Unlikely King

Read Matthew 20:17-19; 16:21; 17:22

“When Jesus entered Jerusalem, the whole city was stirred and asked, ‘Who is this?’ The crowd answered, ‘This is Jesus, the prophet from Nazareth in Galilee.’” (Matthew 21:10-11)

In 2011 the world’s attention was riveted to the royal wedding of Prince William and Kate Middleton at Westminster Abbey in London. The extravagant attire and lavish ceremony transcended our everyday experiences, telling us we were seeing something extraordinary. It was certainly difficult not to hear about it in the news or on social media or in a passing conversation. Certainly, in London it would have been amusing for someone to ask, “What’s going on here? Who are these two people anyway?”

On the day when Jesus rode into Jerusalem, the air was thick with dust kicked up by shuffling feet and shouts of “Hosanna!” Jesus’ reputation had spread like a river flooding its banks, running from the northlands of Galilee toward Jerusalem. Still, some saw this flurry of activity and wondered what was going on. “Who is this guy anyway?” “Is he really a carpenter’s son?” “I’ve heard he’s a wonder-worker from the country but why has he come here?”

The disciples knew Jesus was more than most people understood. In fact, Jesus had told them ahead of time that their visit to Jerusalem was not a holiday and much more than a religious pilgrimage. “We are going up to Jerusalem and the Son of Man will be delivered over to the chief priests and the teachers of the law. They will condemn him to death” (Matthew 20:18).  Jesus was up to something more. 

When Jesus began His ministry, expectations were running high for the Messiah’s arrival. People expected the Messiah to be a king like David who would restore the nation to its glory and reestablish them in the sight of everyone as God’s chosen and blessed people. As people eagerly anticipated that Messianic King, we might wonder what they were looking for. They may have thought, “I’m sure we won’t miss him when he comes. We’ll know him when we see him.” But as Jesus rode into Jerusalem on a donkey, there were a lot of voices and dust, but not much pomp and circumstance. Jesus had come, but even His entry to Jerusalem was turning expectations upside down. He was upending not only what the Messianic King would look like but also what the Messianic King would do.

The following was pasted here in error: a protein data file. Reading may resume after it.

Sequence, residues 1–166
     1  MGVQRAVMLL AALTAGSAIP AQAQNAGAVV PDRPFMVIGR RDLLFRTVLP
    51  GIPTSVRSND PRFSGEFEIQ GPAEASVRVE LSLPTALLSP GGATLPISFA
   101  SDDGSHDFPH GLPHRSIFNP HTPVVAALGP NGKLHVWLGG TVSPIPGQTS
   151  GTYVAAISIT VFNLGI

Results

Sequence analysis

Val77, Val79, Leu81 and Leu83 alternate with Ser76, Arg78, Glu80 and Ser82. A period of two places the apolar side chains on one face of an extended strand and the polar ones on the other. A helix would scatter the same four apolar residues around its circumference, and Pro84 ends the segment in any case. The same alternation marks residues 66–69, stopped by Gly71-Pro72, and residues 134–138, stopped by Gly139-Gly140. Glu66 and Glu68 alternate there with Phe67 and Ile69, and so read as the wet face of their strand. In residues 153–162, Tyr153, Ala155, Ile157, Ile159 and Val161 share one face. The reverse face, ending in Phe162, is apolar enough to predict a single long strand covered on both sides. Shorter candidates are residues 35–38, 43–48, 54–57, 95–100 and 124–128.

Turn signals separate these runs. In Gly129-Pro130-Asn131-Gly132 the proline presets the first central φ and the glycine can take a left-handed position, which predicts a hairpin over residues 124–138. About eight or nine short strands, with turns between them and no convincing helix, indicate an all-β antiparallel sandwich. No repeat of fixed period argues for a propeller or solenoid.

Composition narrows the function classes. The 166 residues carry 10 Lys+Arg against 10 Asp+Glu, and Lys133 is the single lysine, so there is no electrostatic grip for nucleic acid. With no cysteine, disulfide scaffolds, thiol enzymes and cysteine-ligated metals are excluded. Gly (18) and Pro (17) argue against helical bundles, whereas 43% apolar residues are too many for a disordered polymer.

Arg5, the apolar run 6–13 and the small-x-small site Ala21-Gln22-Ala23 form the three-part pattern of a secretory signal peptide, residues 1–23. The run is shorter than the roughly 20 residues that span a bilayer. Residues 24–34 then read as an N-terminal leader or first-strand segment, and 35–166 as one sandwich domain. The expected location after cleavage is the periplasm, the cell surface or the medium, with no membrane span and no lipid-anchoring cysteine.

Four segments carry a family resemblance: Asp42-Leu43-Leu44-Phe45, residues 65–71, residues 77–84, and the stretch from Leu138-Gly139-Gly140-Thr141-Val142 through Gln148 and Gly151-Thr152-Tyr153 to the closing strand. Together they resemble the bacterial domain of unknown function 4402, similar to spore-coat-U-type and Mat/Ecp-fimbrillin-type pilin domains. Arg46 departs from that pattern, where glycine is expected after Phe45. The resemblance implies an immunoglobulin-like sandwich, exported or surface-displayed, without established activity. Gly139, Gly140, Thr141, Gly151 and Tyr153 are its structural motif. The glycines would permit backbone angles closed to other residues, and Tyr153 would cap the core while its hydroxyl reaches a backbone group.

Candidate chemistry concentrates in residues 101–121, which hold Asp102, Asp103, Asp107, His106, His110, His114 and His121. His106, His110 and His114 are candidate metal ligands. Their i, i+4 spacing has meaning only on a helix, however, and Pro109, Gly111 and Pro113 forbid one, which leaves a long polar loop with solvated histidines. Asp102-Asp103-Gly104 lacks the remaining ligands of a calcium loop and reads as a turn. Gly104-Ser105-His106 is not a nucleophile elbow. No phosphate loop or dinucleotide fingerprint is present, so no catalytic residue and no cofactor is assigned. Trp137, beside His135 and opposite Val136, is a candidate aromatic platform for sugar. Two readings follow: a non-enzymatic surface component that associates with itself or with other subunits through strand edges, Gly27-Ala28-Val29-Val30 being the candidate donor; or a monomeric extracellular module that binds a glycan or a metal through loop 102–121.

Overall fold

For reflection:

  • Why do you think Jesus’ entry into Jerusalem might have been surprising to people?
  • How would the disciples have seen Jesus in comparison to the crowds?
  • How might you need to see Jesus afresh this Lent?

by Matt Erickson


Week 1 Family Talk


How do you describe a king?  You might say they wear fancy clothes, a crown, or ride a big, strong horse.  Everyone knows who they are and how powerful they are. Jesus is a king too, but up until this point in scripture, He told people to keep quiet about his power and miracles, so He didn’t look like what we think a king should be.   

Beginning our Lenten journey, I am reminded of the song “The King Is Coming” by Newsboys.  It starts off saying “Make a way for the king, the king is coming.”  We need to ask ourselves, “How are we preparing for King Jesus to come?”   

Jesus had His disciples get a donkey for Him that no one had ever ridden, so He came to town with that new donkey smell!  He was fulfilling a prophecy found in Zechariah 9:9.  Crowds prepared the way by placing coats or branches on the ground and shouted “Hosanna to the Son of David! Blessed is the one who comes in the name of the Lord! Hosanna in the highest heaven!”   

It was like a great big parade! If I were to guess, I would say the children had the most fun! Can you imagine running alongside waving a palm branch or just singing songs to him?   

The people welcomed Jesus and showed honor and respect, because they wanted Him to rule over them as their king. They expected an earthly king, not the kind of King that Jesus came to be. He is so much more than that! 

Jesus is the King of everything. He came the first time to die on the Cross, but one day He will return. He will fix everything that is broken in the world and will reign forever!  Hosanna! Blessed is He who comes in the name of the Lord! 

Reflection Questions:

  • Do you have room in your busy life for Jesus?
  • Have you ever waited and waited, praying for God to help you?  


by Laura Brunner

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